Is the website safe from a cyberattack? Every day hackers attempt to steal sensitive data, such as credit-card details, Social Security numbers and personal-contact information from websites. Have your clients taken all of the precautions necessary to thwart such attempts and provide their customers with the reassurance that doing business online with them is safe from cybersecurity threats and scams? A single successful attack could damage a business greatly, bring your client’s reputation into question and cause a serious financial burden to your client and its customers.

Does the website adhere to anti-spam law? The Federal Trade Commission’s CAN-SPAM Act sets the rules for commercial email, establishes requirements for commercial messages, gives recipients the right to have a business stop emailing them and spells out tough penalties for violations. One of the most common ways a business can adhere to this law is to make sure users can opt out of receiving emails from the business. This is an evolving area of the law and requires companies to stay up-to-date to reduce liability for noncompliance.

Is your client following best practices when hosting a sweepstakes or contest on the website? Internet contests are a great way to promote a business, but it is necessary to comply with applicable law and administer a legitimate process. Rules and regulations vary from state to state and should be followed expressly. A site’s users should be able to read all of the terms and conditions of the contest, whatever its form, in a clear and obvious place on the website, and businesses must obtain all of the necessary rights and licenses from entrants and winners. Even though such contests are intended to be fun and reward customers and users of the website, failure to adhere to rules and regulations can give rise to expensive legal claims against a business.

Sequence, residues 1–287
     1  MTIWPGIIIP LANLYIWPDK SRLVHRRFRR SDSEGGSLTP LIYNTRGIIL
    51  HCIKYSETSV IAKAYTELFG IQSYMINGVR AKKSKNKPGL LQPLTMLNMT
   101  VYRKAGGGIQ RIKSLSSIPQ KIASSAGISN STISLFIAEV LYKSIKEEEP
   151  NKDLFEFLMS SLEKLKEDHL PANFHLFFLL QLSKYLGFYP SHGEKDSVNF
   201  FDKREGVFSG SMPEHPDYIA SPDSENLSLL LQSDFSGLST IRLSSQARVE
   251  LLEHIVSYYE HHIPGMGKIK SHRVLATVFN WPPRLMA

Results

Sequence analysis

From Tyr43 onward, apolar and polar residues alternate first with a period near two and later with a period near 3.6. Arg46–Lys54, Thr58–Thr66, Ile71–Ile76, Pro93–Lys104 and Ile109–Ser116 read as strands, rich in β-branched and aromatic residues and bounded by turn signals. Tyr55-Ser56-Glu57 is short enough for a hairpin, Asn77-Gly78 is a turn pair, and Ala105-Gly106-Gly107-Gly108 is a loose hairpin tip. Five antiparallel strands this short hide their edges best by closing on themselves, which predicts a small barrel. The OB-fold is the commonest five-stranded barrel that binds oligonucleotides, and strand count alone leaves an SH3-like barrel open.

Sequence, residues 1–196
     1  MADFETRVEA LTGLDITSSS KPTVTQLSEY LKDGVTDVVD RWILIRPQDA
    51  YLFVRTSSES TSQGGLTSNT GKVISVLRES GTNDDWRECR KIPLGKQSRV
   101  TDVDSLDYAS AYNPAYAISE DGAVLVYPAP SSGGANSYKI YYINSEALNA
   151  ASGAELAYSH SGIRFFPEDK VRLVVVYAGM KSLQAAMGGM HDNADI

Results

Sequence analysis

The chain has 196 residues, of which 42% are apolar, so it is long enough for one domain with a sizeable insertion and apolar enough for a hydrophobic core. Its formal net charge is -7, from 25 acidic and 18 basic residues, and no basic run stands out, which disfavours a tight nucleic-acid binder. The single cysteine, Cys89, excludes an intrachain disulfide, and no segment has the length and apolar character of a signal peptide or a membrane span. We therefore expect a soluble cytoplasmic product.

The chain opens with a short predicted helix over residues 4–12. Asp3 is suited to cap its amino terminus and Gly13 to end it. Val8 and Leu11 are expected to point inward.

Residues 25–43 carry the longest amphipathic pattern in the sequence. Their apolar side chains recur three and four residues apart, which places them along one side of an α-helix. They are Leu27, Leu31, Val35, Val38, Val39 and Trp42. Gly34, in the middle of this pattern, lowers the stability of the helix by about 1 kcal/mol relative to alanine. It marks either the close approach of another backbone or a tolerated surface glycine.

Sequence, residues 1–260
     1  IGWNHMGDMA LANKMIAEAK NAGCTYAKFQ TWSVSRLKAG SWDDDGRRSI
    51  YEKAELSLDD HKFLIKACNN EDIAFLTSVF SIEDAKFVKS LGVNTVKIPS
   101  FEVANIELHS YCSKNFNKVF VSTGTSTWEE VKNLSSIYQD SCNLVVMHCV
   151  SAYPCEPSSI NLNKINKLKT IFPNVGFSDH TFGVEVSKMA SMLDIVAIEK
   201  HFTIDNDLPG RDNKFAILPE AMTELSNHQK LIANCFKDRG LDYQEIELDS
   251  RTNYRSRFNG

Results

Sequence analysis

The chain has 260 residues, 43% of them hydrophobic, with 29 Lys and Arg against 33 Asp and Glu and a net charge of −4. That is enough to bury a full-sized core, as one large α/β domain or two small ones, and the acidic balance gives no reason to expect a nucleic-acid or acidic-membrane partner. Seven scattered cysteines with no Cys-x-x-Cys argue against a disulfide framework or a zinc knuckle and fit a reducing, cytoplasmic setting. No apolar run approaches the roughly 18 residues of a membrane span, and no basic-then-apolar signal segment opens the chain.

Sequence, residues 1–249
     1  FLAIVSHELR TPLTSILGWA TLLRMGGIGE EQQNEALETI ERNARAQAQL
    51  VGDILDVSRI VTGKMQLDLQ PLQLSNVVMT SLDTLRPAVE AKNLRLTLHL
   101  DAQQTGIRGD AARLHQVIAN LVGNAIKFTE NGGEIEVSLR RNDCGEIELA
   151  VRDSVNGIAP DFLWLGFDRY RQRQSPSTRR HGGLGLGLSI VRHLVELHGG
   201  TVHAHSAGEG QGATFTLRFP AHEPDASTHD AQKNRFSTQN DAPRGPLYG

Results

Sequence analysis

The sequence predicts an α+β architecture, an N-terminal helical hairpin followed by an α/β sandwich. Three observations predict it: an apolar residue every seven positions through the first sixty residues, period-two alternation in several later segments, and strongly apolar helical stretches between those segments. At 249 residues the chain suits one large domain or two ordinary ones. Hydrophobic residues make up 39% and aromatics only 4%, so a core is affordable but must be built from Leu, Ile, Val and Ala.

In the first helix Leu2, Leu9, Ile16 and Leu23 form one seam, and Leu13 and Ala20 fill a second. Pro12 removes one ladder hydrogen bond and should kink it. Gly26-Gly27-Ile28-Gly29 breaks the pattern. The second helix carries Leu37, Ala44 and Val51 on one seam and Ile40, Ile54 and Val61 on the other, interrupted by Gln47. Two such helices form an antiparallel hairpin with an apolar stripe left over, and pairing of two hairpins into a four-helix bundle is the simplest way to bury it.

Has your client properly vetted the web developer and designer? When clients are considering building a website for their business, it is important to make sure that they are on the same page with their web developer and designer about how they want their website to look and function. If a business wants something unique, it needs to make sure it is not getting a “one-size-fits-all” template or a copycat version of someone else’s site. For example, I encountered a situation where a site developer had copied the content, look and feel of another website in developing a website for a business. Unfortunately for the unsuspecting business, it received a cease-and-desist letter with the threat of a lawsuit for intellectual-property infringement. Fortunately, most freelance web developers and marketing firms are pros and would never do this, but it is definitely something to counsel your clients to keep in mind.

Is your client savvy about sales taxes? Just as brick-and-mortar stores must collect any applicable sales taxes, so must anyone who sells online. Because regulations can differ from state to state and internationally, your clients need to understand when to charge sales tax, when they are exempt and how much to charge.

Nearly every business today has an online presence, but launching a website without considering the legal issues associated with it can quickly bring a business to a halt. Counsel your clients to play by the rules and build a website that not only looks good and functions well but operates on the right side of the law.

brian-behrensBrian C. Behrens is a partner at Carmody MacDonald P.C. in St. Louis. He concentrates his practice in the areas of corporate and business law, mergers and acquisitions, growth and venture companies, and corporate finance.